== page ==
To solve this problem, the government created “capital dividends”, which Jill can receive from Jillco tax-free. Jillco’s accountant is in charge of tracking the non-taxable portion of any capital gain, minus any capital losses Jillco earns that year, such as if Jillco sold the stock Jill had heard about from her crazy neighbour at a loss. Jillco would also get credit for the death benefit of any life insurance policies it received minus a tax adjustment. In simple terms, most or all of any term life insurance policy could be paid out to Jill for free through capital dividends, but for permanent policies with a cash or investment portion, some of that value would still go to Jillco tax-free but would have to be paid out to Jill as taxable small business dividends, which all depends on the type of policy, the size of the investment portion and the age of the deceased at the time of his passing (the older the deceased, the greater the percentage of death benefit that can be paid to Jill for free). Fortunately, insurance companies track these tax values, which will change from year to year. To this total, her accountant would also add any capital dividend room on hand that hadn’t been paid out to Jill in previous years.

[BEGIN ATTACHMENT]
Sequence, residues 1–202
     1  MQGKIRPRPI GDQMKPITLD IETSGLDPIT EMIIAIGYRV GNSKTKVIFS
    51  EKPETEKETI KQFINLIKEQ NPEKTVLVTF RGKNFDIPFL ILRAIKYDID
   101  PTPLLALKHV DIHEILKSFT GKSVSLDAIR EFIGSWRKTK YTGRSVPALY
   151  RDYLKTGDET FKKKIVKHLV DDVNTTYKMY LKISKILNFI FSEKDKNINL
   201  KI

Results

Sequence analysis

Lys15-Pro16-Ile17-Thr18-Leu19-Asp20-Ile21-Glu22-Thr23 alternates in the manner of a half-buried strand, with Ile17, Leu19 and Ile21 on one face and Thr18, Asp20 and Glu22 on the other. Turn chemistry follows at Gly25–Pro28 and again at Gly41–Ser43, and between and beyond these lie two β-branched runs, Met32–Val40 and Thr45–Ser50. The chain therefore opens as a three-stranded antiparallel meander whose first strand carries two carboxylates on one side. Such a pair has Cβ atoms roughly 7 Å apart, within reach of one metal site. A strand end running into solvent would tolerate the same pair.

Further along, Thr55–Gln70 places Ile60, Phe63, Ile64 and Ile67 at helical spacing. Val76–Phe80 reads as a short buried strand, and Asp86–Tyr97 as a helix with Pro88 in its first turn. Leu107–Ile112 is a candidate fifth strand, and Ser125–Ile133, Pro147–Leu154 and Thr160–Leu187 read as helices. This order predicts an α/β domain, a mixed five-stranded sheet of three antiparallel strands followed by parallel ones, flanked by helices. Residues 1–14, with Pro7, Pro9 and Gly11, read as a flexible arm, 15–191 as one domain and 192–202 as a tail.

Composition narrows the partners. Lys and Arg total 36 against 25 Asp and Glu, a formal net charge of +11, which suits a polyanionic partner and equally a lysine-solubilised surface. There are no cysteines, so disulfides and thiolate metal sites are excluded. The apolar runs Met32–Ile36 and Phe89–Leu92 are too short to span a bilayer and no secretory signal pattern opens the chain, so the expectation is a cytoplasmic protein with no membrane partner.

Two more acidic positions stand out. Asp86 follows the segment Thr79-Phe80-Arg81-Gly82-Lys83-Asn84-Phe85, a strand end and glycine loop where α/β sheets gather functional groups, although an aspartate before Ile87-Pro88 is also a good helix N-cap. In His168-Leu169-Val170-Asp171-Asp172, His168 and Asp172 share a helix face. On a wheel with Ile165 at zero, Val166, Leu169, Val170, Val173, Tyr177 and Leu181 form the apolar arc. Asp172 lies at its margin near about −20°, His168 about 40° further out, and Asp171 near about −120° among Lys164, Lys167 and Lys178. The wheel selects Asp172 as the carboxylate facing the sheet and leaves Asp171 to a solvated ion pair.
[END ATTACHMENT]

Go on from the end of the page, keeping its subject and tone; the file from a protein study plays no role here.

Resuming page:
In any event, that’s probably more than enough for today. For now, let’s just focus on the fact that sometimes Jill can receive tax-free capital dividends from Jillco when it sells assets that produce capital gains or someone covered by a company life insurance policy dies. We’ll have more to say how the taxable portion of any capital gains (i.e. the 50% that is taxed, as opposed to the 50% paid out as capital dividends) are taxed next time.